Natural Selection or Natural Process?

By Branden Holmes (Surroundx) on November 25, 2010

When Darwin coined the phrase natural selection, he made it clear that it was roughly equivalent to Herbert Spencer's phrase "survival of the fittest". He called it natural selection to contrast with artificial selection, whereby humans consciously select for the traits (actually the trait values) that appeal to them. But nowadays natural selection is not considered to be a type of selection itself, but rather a label given to all of those non-random but unconscious types of selection: viability selection, fecundity selection, kin selection, sexual selection etc. Darwin considered sexual selection to be logically distinct from natural selection because the two could seemingly be at odds with each other when sexual selection produces traits which made the individual (generally male) susceptible to predation. Today we still recognize this friction between the two, but consider sexual selection to come under the banner of natural selection.

Thus, natural selection is not as simple as "survival of the fittest" any more. Such simplistic examples of "natural selection" as the peppered moths are inaccurate. They only illustrate one aspect of natural selection: viability selection. This simply means that individuals too visible to predators, sick, injured or deformed do not live long enough to pass on their genes. Whereas natural selection is so much more besides this. Because every individual which reproduces and passes on their genes tend to be a tenable configuration of genes, they also tend to propogate such likewis sets of genes. Most individuals born, save for mutants, are sufficiently fit to survive into adulthood. They may not do so however because they are eaten by predators or befall an accident. But this does not mean that they are unfit. Most of the time it is mere coincidence, being in the wrong place at the wrong time.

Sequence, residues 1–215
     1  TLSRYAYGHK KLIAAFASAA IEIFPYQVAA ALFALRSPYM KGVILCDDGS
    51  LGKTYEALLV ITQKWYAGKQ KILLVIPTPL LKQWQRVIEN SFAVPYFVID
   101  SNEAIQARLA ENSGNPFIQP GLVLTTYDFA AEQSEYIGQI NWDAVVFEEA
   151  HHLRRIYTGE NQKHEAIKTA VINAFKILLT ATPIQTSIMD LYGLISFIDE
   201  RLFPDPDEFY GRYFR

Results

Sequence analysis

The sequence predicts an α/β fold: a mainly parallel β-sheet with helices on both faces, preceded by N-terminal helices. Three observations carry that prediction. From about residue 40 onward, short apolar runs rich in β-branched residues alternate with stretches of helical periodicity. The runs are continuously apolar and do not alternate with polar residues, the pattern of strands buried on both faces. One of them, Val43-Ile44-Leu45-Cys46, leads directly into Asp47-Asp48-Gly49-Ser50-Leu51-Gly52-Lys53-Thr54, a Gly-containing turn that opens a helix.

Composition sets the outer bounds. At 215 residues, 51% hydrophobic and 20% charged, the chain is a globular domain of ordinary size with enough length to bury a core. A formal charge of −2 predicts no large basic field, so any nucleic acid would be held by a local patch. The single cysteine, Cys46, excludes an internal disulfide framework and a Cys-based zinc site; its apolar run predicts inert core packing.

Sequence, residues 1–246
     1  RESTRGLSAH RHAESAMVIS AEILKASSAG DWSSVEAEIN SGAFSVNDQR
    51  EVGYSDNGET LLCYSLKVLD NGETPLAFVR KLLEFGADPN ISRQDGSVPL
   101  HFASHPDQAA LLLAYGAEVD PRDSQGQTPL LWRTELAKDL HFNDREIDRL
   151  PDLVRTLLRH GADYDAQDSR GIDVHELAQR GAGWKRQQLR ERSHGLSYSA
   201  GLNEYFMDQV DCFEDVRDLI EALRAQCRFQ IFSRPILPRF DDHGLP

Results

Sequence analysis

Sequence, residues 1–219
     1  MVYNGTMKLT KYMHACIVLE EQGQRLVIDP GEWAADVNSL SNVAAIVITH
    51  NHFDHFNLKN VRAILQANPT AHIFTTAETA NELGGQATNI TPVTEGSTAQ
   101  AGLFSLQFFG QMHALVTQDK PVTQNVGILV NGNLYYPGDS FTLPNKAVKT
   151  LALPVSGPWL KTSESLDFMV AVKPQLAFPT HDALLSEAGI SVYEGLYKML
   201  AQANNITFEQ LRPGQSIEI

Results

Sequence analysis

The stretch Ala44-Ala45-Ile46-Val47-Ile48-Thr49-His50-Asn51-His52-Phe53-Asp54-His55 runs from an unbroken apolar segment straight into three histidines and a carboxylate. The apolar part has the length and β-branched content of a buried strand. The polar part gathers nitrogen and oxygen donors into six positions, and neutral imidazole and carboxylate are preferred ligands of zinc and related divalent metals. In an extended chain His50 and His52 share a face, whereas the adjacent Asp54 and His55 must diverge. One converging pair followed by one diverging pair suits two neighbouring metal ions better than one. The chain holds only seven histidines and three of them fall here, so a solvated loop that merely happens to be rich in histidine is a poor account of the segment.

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Evolution, natural selection

About Branden Holmes
I am an amateur evolutionist interested in the theoretical side of the subject.

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